The Bulls have done an excellent job remaining more than relevant with Derrick Rose sidelined for the entire season to this point, as he works his way back from a knee injury.
Chicago is just a half-game behind the Nets for third in the East, a game and a half behind a Knicks team the Bulls have beaten three times already this season, and only three games out of first behind the defending champion Heat.
The Bulls have done it on the strength of their defense, along with two All-Star caliber performances this season from Joakim Noah and Luol Deng, as well as a massive increase in production from Carlos Boozer.
One or two more pieces offensively might push this Bulls team from the fringe to a legitimate championship contender. But help isn’t likely to be coming via trade — if Chicago is going to get over the hump, it’ll have to do it with their current roster intact.
“We’re up against what’s called a hard cap,” Paxson said Friday on “The Waddle & Silvy Show” on ESPN Chicago 1000. “In order for us to do something we’re not in a position to take on any real salary so we’re kind of limited in what we can do. I think our team has grown — it’s not always pretty, let’s face it; we’ve had some ugly games this year and that’s kind of who we are right now. But we do grind it out and play hard.
“You’re always on the lookout to do certain things, but I think our move hopefully will be bringing Derrick back into the fold.”
Rose’s return, if he ends up coming back anywhere near the level he was playing at during his MVP season in 2010-11, will be better than anything his team could do via trade before the Feb. 21 deadline comes and goes.
Still, Paxson will undoubtedly be involved in multiple trade discussions until then, just like every executive in the league. But the Bulls don’t have a lot of assets desired by other teams that they’d be willing to part with, so Rose’s return will be it in terms of player additions in Chicago before the end of the season.
Craig Sager couldn’t be in Rio covering the Olympics for NBC, his cancer wouldn’t allow it. That didn’t stop Team USA from reaching out to him before they left. Or from Nike designing a sweet pair of shoes for him.
Now there is good news on his battle against leukemia — he will have a third bone marrow transplant, according to his son Craig Sager II.
This is fantastic news for a man and family who have been through a lot. Hopefully, this treatment is a step forward for Sager, a man beloved by everyone around the NBA.
The Oklahoma City frontcourt is crowded. Enes Kanter and Steven Adams will start, and they will have Nick Collison, Ersan Ilyasova, Domantas Sabonis, and now Joffrey Lauvergne behind them.
Which likely means Mitch McGary‘s done as a member of the Thunder, according to Royce Young of ESPN.
McGary has battled injuries his two seasons in the league and got on the court for only 72 minutes total last season for the Thunder (he played in more games and put up solid numbers in the D-LEague). He was not part of the future there regardless. He’s an undersized five trying to play the four and what he brought as a rookie — energy — was not enough as a sophomore.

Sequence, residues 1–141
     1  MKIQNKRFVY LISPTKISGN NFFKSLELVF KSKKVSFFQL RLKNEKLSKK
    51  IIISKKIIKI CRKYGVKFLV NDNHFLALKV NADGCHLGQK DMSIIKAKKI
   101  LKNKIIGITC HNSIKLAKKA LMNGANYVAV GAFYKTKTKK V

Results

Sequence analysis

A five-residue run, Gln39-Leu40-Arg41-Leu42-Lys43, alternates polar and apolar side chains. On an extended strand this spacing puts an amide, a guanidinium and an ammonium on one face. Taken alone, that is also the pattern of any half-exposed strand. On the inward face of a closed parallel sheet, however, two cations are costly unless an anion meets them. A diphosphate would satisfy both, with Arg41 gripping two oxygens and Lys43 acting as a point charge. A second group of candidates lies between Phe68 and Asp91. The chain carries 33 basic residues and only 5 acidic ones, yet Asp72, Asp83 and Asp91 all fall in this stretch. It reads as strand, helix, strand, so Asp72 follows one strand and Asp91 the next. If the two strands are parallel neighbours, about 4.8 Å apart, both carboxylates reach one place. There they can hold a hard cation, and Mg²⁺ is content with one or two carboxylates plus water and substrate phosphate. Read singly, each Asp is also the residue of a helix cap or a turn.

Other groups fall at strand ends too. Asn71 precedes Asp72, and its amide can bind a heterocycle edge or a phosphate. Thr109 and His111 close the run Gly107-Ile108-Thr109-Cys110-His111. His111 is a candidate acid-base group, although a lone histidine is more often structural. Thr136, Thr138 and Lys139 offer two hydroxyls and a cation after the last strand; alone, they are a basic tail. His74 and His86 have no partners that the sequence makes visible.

McGary will make $1.5 million this season. He may be tough to move because he’s suspended for the first five games he’s eligible to play next season for failing the league’s drug policy (five games is the standard suspension for testing positive for marijuana three times). Maybe a team looking to develop players will give him a shot, but there is little trade value for him.
If you can knock down a 19-foot shot, then a 15-footer should be easier. Right?
Apparently that — and just basic muscle memory — is the latest attempt to improve Dwight Howard‘s free throw shooting. And, he seems to be knocking down those shots.
It’s not hard to see the logic in this approach.
The challenge is form and reps are not the problems for Howard — or DeAndre Jordan or Andre Drummond or others — when it comes to hitting free throws. Anyone who says “why don’t they just practice the shot” doesn’t pay attention, these guys put in a lot of work on the shot. Pregame and in practice (I’m Los Angeles based), Jordan probably hits 65 percent from the line. At least.
The problem is mental. That can be a tougher hurdle to clear. Maybe taking 19 footers and knocking them down will have Howard feeling more confident at the stripe this season.
But we’re going to need to see it to believe it. Just like we’re going to have to see a rejuvenated Howard in Atlanta before we believe this season will be different from the last few.
Until this season, Jason Thompson had never been to the playoffs. He spent seven seasons in Sacramento before getting traded to the Warriors last offseason, and then signing with the Raptors midseason when Golden State waived him to make room on the roster for Anderson Varejao. His NBA days appear over, at least for now. International basketball reporter David Pick reports that Thompson has agreed to a deal to play in China.
Since the CBA’s season ends in March, Thompson could theoretically join an NBA team for the stretch run next year. But he didn’t appear to have much interest on the free-agent market this summer.